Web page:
Happy Thanksgiving to all of our American friends in the US and throughout the world…

Three little pigs are growing fast. They love pellets!

Thanksgiving was always one of our favorite holidays. The family, the friends, the comfort food, the games we played, and the lazy football watching while recovering after the big meal, while contemplating the next piece of pumpkin pie, often to be topped off with a dollop of whipped cream for those who liked it.

Once everyone left our home, the dishes and table linens were washed, dried, and put away. The next phase of the four-day Thanksgiving weekend began…a full three days of decorating the house for Christmas. Traditionally, I started this process every year, on this same date with a process I followed to a tee, year after year.

Tom brought down all the decorations from the attic, and my work began, often with Christmas music playing in the background or a favorite TV show on, to entertain me during the lengthy process. My two sons never seemed interested in decorating. Instead, once it was done, they’d revel in the beauty of it all if I say so myself.

They are so cute when they are chewing.

Richard was living in Nevada from 1988 on, and Greg had his own home in Minnesota, creating his traditions and decorating. His house. In the years since I became an empty nester before I met Tom in 1991, the process continued seamlessly, year after year, never missing a beat, until our lives changed in 2012.

Often Tom had to work on Thanksgiving Day, even getting called to work on the railroad during Thanksgiving dinner. He swallowed a few more bites and headed out the door, leaving me with the adult kids to continue. Usually, he’d return within 12 hours, help bring down the decorations, and head back to work again.

By the end of the weekend, he’d come up the driveway in the dark to see the Christmas lights on the tree. Most years, I decorated two trees, one by the window facing the private driveway and another in the breakfast room to be seen upon entry into the house. It was a festive time. We loved every moment, especially after the work was done.

Mom happily shares the pellets with them.

Following Thanksgiving weekend, although I worked long days, I began the Christmas baking, making plenty for us to have at home but even more to give away to the kids, other family members, neighbors, and friends. Every spare moment from the Wednesday before Christmas, when I made about a dozen pumpkin pies, to after New Year’s when the decorations were put away, I was busy.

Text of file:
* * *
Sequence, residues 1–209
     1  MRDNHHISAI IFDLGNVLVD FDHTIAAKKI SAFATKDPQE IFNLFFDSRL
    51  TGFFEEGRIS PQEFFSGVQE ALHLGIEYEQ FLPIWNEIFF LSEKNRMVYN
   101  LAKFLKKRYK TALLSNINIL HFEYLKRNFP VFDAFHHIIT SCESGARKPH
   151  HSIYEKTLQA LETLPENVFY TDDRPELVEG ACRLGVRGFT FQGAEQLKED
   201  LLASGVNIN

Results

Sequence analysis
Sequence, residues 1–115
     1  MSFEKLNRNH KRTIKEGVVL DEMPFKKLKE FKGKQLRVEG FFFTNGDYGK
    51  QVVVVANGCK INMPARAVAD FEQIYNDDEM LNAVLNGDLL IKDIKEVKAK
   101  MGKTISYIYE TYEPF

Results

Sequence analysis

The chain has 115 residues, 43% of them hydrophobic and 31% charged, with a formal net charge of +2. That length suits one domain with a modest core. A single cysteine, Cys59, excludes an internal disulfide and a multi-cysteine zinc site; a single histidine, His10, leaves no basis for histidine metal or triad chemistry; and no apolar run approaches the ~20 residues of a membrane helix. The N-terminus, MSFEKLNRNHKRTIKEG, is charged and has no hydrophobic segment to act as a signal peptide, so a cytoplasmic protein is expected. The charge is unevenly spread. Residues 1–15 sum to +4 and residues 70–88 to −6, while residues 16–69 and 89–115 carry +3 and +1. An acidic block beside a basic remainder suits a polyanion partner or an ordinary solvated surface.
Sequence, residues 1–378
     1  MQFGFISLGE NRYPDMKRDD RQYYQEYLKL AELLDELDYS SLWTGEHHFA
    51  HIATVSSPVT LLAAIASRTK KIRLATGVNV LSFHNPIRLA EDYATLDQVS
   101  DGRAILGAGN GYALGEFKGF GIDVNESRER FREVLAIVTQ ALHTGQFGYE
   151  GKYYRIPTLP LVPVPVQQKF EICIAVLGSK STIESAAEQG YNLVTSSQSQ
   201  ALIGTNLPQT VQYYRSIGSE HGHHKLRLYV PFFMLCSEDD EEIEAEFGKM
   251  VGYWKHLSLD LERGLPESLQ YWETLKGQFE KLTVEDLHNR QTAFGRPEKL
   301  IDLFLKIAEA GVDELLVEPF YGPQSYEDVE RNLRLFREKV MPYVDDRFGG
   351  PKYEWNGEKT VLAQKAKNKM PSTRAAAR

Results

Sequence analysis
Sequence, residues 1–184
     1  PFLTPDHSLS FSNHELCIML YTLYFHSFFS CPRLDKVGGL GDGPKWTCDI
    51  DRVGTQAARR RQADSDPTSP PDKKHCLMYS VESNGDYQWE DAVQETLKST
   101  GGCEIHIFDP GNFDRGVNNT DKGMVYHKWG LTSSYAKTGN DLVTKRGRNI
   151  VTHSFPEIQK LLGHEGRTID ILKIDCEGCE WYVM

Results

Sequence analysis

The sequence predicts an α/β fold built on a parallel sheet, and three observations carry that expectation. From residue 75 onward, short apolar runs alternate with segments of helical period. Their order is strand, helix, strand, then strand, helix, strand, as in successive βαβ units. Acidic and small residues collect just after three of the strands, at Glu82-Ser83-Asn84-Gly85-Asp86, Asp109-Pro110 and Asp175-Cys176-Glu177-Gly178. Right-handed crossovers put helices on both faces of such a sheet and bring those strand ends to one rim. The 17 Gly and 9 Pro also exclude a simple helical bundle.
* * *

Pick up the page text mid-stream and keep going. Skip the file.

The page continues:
I shopped, mostly online, wrapped numerous packages, each with a handmade bow made by me on every single package. We sent no less than 200 Christmas cards, each with a handwritten message inside, and took them all to the post office after placing matching Christmas postage stamps on each card. Oh, good grief. I worked so hard.

In the 1990s, we started making bottles of homemade Bailey’s Irish Cream, later called “Lyman’s Irish Cream.” Tom did all the prep work making the delicious recipe and filling the bottles while I designed and printed the decorative sticky labels, placing them on the bottles once the outsides were dry.

We love how perfectly shaped Mom’s tusks are.

The first year we may have made about 25 bottles. During our last Christmas in Minnesota in 2011, before we decided to travel the world, we made over 120 bottles to give to special friends, which we both personally dropped off to the recipients. Whew!

Then, of course, there was a holiday dinner party for friends, the celebration of Tom’s birthday on December 23, Christmas Eve dinner, and festivities on Christmas Day. As the years passed, our children created their own traditions at their own homes with other extended family members, and those special traditions we’d hosted year after year changed with the times.

Yes, 2011 was the last year we tackled all of these projects. And now? What do we do? We don’t send Christmas cards. We don’t buy all those gifts. Instead, we send gift cards to the grandchildren. We stopped sending gifts to our adult children, requesting they don’t buy anything for us either.

They stayed in the garden for quite a while.

Once we began traveling, we stopped purchasing gifts for one another. We never have a Christmas tree or any decorations. We no longer make Lyman’s Irish Cream. I don’t bake cookies and Christmas treats. It’s all over now. And what do we do on Thanksgiving today? And over the Christmas season?

We celebrate the meaning of the holidays without the usual merriment associated with these special times. We are thankful. We are grateful, and we never feel lost, alone and sad about having let go of all that embodied the holidays for us years ago.

This will be the 10th holiday season we haven’t celebrated as we had in the past, and we are content and fulfilled in many other ways.

Today, on Thanksgiving, we’re meeting up with our new American friends, Carrie and Jim, at Two Trees on the Crocodile River (we were rained out a few days ago), and together we’ll all have a toast to Thanksgiving in the US. As for Christmas, we’re planning to spend Christmas Eve at Jabula with friends, along with others like us, who may not have nearby family members to join in the celebration of the holiday season.

On Christmas Day, we’ll stay at our bush house, cooking a nice meal on the braai and enjoying our wildlife friends who come to call any day of the year.

It’s all good. We’re content.

May your day be content and fulfilling.

Photo from one year ago today,  November 25, 2020:

This photo was posted one year ago while in lockdown in a hotel in Mumbai, India, on day #247. View of houses on the channel heading out to sea in Fort Lauderdale, Florida. For more photos, please click here.

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